TAP (Teacher Learning and Application to Pedagogy) through Digital Video-Mediated Reflections

TAP (Teacher Learning and Application to Pedagogy) through Digital Video-Mediated Reflections

Poonam Arya (Wayne State University, USA), Tanya Christ (Oakland University, USA) and Ming Ming Chiu (Purdue University, USA)
DOI: 10.4018/978-1-5225-0164-0.ch051
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Abstract

This chapter presents relevant findings from research that explored literacy teachers' self-reflections and reflective discussions with peers that were mediated by digital video. Mixed methodological approaches were used, including statistical discourse analysis, which examines the relations between speech-turns in teachers' video discussions to provide a fine-grained view of digital video's mediating role. Findings showed that recursive viewing of videos, across different contexts or within a context facilitated shifts in purposes for discussing videos and broadened the foci of these discussions. Additionally, the situated context and multiple modes of information presented in digital videos supported literacy teachers' generation and application of ideas about reader processing and reader engagement. Teachers used certain conversation moves, such as critical thinking, hypothesizing, and challenging, as they transacted with the multimodal information in the video to support their generation of ideas for literacy instruction. Implications and future research directions are discussed.
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Background

This section presents research that positions digital video as a tool in teacher education that enables authentic, context-oriented, reflective practice within a collaborative and social environment. First, multimodal literacies and transactional perspectives are presented to contextualize the use of digital videos in teacher education. Second, the advantages of digital video for facilitating teachers’ learning are discussed. Third, research on video mediated self-reflections and reflection with peers is examined that offers multiple ways of using digital videos in teacher education.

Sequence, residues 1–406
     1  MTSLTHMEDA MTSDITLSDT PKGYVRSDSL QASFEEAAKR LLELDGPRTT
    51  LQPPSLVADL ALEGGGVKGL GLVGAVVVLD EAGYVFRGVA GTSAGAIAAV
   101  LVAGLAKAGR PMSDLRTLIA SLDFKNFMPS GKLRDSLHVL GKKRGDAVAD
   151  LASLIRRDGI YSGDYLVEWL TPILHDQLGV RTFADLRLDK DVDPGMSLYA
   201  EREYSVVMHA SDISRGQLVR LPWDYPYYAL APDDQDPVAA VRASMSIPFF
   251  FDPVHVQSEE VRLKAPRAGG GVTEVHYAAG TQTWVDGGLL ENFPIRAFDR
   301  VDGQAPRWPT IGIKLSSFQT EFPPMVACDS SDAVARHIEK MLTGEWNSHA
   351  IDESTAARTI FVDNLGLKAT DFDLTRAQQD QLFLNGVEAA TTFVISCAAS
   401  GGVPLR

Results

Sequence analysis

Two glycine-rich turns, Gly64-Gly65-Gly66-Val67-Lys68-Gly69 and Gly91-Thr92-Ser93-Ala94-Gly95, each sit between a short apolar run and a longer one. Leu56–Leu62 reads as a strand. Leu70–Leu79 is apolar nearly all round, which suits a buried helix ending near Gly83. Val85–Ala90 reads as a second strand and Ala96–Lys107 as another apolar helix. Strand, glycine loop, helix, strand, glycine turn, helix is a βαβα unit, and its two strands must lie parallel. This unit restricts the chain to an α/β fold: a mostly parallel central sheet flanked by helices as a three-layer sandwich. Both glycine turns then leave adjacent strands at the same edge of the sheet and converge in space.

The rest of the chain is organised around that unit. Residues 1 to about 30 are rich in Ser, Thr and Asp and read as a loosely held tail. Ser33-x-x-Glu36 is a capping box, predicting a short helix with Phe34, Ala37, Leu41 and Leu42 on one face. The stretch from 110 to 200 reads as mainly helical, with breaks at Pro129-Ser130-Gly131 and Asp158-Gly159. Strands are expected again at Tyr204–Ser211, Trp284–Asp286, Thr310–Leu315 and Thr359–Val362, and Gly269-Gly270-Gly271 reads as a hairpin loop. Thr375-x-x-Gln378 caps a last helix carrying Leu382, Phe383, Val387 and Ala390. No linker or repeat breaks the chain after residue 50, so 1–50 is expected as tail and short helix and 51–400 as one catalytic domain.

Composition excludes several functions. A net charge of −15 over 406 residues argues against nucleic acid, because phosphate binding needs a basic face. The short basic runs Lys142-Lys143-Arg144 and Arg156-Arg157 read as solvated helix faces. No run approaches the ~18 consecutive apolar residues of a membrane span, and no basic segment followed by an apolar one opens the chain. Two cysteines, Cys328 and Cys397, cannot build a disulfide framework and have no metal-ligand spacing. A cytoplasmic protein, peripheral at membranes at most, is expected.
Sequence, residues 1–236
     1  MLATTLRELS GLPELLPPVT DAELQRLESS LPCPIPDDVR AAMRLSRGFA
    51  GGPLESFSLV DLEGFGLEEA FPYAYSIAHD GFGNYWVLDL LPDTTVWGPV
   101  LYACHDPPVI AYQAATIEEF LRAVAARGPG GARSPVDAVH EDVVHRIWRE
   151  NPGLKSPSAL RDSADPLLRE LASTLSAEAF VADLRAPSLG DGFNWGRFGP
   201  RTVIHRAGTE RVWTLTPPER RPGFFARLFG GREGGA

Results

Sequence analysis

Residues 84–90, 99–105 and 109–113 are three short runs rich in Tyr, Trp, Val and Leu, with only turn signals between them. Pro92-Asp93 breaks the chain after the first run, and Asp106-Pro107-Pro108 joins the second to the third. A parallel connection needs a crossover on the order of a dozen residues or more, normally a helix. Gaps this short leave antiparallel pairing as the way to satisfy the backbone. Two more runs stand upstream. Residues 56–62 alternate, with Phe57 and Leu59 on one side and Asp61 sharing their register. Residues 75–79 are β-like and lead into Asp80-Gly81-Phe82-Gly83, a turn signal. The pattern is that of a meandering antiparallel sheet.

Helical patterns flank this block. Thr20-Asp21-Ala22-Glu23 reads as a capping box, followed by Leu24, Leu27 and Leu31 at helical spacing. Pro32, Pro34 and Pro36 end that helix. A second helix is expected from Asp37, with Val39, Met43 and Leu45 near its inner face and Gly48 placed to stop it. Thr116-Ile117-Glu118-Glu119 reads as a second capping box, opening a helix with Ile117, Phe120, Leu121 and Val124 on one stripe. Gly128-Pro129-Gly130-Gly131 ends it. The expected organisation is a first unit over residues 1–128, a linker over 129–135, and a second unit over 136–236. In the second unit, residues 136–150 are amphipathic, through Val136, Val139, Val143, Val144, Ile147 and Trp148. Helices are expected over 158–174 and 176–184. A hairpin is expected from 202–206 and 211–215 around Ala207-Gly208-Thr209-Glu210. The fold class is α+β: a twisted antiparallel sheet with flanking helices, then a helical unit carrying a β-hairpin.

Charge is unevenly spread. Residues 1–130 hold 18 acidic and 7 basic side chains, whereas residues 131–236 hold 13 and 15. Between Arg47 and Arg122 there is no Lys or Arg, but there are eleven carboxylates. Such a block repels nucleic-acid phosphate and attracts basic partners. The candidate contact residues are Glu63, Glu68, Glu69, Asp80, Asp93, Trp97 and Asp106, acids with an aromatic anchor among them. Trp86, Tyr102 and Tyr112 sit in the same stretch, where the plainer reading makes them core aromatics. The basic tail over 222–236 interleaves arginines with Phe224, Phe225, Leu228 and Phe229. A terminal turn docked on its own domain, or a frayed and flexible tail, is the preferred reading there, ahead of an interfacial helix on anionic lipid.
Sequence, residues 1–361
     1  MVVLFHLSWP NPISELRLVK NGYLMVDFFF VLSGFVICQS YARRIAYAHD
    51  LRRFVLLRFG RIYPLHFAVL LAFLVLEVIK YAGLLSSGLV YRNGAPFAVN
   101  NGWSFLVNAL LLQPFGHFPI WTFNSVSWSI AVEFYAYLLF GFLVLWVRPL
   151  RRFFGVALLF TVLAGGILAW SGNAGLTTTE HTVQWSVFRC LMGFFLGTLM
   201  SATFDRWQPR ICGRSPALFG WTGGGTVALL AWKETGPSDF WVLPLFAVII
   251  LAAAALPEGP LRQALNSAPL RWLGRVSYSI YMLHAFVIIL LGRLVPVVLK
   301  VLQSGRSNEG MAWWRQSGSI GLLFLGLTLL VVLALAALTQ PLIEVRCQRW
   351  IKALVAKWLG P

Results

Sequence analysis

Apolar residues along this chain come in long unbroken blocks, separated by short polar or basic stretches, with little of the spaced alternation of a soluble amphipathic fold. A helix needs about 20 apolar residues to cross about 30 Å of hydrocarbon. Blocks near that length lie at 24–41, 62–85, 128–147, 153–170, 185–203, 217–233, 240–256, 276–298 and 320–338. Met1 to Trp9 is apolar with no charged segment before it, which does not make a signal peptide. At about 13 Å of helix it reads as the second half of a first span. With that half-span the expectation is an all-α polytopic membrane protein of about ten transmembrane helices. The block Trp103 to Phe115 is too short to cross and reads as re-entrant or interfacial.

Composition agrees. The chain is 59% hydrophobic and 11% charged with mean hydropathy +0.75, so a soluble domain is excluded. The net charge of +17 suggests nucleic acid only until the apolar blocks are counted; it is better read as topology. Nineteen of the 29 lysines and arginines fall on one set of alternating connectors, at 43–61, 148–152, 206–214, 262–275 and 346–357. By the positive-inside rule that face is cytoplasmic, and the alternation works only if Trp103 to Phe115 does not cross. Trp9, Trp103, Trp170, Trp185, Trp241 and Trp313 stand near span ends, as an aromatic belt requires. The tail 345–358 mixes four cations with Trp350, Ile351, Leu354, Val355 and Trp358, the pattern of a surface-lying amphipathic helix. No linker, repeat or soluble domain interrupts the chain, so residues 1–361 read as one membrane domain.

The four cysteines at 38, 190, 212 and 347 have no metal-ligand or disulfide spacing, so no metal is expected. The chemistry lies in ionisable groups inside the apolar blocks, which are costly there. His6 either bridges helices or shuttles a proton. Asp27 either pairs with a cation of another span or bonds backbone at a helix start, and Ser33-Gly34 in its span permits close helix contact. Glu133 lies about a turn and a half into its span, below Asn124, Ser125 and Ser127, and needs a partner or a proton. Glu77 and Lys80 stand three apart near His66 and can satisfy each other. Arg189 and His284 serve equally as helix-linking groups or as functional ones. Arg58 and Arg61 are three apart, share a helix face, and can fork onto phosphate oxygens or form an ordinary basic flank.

Theoretical Perspectives

From a multimodal literacies perspective (e.g., Kalantzis & Cope, 2008), digital videos act as a form of “text” with which viewers can transact and construct meaning. This is similar to how readers engage in “complex, nonlinear, recursive” transactions with traditional text (Rosenblatt, 2004, p. 1371). However, digital video captures multiple modes of information (visual and auditory) that can present more complex pathways for processing information than transcriptions of oral accounts of teaching events alone (Kress, 2010; Wolfe & Flewitt, 2010). For example, video affords opportunities to attend to many multimodal aspects of teaching events, such as facial expressions, gestures, and verbal interactions (Brophy, 2004; Koc, Peker, & Osmanoglu, 2009; Sherin & Han, 2004). Thus, digital video grounds discussions in ways that are “virtually impossible when referents are remote or merely rhetorical” (Ball & Cohen, 1999, p. 17).

These affordances of digital video are most powerful when used in a situated social context of a community of learners in which teachers collectively construct meaning through complex transactions with the multiple modes of information embedded in the video to solve the real problems presented in the video event (Greeno, 2003; Kress, 2010; Lave, 2004; Vygotsky, 1978; Wenger, 2001; Wolfe & Flewitt, 2010). Through these complex transactions between viewers and the multimodal information sources in digital video, peers provide modeling and scaffolding for thinking about and constructing meaning for teaching events, thus optimizing teachers’ individual growth within their zone of proximal development (Vygotsky, 1978). Further, these processes support teachers’ abilities to collectively construct solutions to problems situated in the video that would be difficult to solve alone (Grossman, Wineburg, & Woolworth, 2001; Kinzer et al., 2006; Lave, 2004; Putnam & Borko, 2000; Vygotsky, 1978).

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